3 New and Expanding Roles in Healthcare Management: Predictions for 2015


Tue Mar 29 13:00:25 CDT 2016

As healthcare organizations continue the transition to value-based care, new titles are popping up in the C-suite. Existing executives are also finding their responsibilities expanding to meet new demands from payers, the government, patients and other stakeholders. Here are a few predictions for healthcare management roles in 2015.


Chief Medical Officer Role Expands to Chief Population Health Officer


CMOs increasingly find themselves responsible for health informatics/IT, population health and care standardization, according to The Advisory Board 2012 Physician Executive Survey. Why? Because physicians are in the driver’s seat when the technology is used to improve clinical care. These responsibilities come on top of a CMO’s traditional concerns for medical staff affairs and quality improvement. This expansion is expected to continue.


Chief Experience Officers Oversee Patient Satisfaction


A new title, co-opted from the technology industry, is the Chief Experience Officer. Sometimes abbreviated CExO or CXO, this role is responsible for raising patient satisfaction scores, which now affect a provider’s reimbursement from Medicare. (Read Modern Healthcare’s Dec. 15 cover story on the new role.) CXOs work internally to influence the overall culture surrounding the patient experience. The CXO may evaluate a wide range of factors that contribute to delivering a positive patient experience, from how comfortable the waiting rooms are to developing a strategy to improve score deficiencies. The CXO typically reports to the Chief Executive Officer or Chief Operations Officer.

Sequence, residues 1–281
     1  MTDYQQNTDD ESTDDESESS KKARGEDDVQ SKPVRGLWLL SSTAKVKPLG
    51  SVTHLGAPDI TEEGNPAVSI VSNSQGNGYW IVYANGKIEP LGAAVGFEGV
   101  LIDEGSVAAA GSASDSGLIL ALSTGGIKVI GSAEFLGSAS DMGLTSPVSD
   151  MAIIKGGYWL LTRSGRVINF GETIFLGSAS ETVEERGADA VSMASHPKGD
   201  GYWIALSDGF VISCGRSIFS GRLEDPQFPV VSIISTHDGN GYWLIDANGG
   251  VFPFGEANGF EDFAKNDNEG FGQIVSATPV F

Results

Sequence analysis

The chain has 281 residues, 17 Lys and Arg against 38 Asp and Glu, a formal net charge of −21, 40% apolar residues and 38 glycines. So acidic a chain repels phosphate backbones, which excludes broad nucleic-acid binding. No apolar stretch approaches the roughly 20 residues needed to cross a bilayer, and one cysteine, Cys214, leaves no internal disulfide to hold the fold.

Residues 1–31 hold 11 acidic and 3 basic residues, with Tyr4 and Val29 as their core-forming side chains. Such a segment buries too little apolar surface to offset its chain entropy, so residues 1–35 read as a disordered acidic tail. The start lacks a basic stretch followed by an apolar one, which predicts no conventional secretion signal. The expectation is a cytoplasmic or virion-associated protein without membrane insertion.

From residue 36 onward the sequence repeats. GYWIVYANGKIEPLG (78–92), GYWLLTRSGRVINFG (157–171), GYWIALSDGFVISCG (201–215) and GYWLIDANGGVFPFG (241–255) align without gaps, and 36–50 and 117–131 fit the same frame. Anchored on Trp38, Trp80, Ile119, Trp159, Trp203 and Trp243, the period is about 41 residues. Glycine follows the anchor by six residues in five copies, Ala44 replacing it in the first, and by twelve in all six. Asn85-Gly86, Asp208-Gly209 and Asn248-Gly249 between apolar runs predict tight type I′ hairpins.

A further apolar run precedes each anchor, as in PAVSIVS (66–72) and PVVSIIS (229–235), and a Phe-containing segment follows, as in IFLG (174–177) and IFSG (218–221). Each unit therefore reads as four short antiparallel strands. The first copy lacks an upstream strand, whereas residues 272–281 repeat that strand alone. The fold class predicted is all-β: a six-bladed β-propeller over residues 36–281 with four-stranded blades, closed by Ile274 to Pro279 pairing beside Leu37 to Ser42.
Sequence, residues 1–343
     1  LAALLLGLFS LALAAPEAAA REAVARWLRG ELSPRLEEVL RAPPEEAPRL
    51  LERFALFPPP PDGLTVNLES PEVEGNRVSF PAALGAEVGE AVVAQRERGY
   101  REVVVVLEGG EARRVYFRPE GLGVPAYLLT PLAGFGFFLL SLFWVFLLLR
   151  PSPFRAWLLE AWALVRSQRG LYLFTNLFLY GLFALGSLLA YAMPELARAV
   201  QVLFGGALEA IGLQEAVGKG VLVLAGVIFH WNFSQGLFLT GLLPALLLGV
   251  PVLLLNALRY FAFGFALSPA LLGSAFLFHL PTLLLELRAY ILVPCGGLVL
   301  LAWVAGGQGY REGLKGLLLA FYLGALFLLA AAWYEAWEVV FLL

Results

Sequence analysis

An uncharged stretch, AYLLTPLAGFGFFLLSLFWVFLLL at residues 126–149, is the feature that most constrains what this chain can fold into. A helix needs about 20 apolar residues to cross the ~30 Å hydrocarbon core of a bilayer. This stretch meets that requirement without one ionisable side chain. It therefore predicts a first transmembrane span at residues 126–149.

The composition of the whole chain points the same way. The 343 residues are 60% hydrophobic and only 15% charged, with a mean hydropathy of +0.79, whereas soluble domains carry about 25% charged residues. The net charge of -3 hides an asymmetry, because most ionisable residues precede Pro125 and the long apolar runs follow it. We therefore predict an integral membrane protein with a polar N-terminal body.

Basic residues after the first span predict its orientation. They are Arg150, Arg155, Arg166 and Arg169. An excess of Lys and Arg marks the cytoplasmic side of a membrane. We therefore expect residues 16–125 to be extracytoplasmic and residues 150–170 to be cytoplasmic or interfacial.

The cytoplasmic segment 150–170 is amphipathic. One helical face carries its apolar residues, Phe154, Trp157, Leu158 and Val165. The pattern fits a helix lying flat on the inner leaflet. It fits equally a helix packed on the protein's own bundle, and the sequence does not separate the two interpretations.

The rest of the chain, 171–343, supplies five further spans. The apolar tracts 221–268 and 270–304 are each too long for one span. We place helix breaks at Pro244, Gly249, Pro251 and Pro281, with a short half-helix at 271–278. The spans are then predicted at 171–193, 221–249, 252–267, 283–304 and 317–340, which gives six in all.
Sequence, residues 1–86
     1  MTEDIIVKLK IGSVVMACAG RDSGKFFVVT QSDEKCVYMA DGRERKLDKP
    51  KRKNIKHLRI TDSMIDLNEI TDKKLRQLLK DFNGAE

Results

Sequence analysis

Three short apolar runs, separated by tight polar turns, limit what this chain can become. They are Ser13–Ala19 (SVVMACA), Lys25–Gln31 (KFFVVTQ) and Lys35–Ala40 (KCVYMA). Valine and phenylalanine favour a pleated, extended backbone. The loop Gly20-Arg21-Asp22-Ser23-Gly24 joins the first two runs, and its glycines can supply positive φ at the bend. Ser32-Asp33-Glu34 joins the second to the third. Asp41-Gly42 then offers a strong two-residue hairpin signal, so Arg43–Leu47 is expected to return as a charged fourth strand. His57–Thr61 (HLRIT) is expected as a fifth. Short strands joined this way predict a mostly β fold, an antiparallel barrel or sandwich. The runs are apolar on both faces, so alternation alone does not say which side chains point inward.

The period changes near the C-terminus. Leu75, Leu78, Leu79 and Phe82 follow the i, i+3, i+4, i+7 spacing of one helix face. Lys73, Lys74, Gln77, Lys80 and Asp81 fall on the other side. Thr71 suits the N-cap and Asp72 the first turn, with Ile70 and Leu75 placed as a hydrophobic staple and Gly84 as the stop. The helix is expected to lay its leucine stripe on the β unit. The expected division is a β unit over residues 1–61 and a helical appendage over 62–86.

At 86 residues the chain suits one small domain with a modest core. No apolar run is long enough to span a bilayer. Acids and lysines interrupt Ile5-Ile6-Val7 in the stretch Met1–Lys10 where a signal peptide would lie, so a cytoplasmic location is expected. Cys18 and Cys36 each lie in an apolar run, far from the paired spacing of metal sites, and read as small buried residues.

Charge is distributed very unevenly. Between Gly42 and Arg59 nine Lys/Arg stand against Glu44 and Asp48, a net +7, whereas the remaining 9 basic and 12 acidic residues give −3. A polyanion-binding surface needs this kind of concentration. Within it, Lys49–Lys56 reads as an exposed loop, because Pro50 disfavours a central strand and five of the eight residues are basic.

Chief Transformation Officer Role Continues to Evolve


Sometimes the CTO is called Chief Accountable Care Officer, Chief Population Health Officer, Chief of Integration or VP of Continuum of Care. These alternative titles provide a good idea of the role’s responsibilities. According to The Advisory Board Company, today’s CTO drives external population health management strategies. Historically, CTOs were tasked with reducing healthcare costs, consolidating vendors and taking other efficiency-driven measures. As this title evolves, the CTO will be expected to analyze market changes and recommend strategies to embrace it, streamline delivery systems and work with internal and external stakeholders to align all groups within a single value-based business model—all a part of making their organization  better able to adapt to growing industry changes.


Is your organization adding any new C-suite titles in 2015? Which titles do you think will continue to evolve? Tell us in the comment thread.